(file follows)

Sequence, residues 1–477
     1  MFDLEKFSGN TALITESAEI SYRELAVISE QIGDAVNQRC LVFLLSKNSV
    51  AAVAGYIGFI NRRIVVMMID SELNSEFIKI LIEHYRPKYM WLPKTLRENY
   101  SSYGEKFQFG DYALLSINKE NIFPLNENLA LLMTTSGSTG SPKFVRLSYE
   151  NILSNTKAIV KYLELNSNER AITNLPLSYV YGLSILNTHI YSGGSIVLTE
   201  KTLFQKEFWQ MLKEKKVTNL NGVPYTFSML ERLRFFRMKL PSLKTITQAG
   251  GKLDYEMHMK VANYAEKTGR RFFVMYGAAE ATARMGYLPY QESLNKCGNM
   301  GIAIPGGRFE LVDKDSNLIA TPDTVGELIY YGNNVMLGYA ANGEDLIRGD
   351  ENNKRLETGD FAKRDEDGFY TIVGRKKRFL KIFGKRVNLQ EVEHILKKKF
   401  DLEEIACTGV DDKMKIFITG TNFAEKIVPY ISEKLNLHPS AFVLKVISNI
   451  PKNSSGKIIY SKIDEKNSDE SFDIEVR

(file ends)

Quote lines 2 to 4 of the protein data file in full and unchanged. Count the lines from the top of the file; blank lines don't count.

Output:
     1  MFDLEKFSGN TALITESAEI SYRELAVISE QIGDAVNQRC LVFLLSKNSV
    51  AAVAGYIGFI NRRIVVMMID SELNSEFIKI LIEHYRPKYM WLPKTLRENY
   101  SSYGEKFQFG DYALLSINKE NIFPLNENLA LLMTTSGSTG SPKFVRLSYE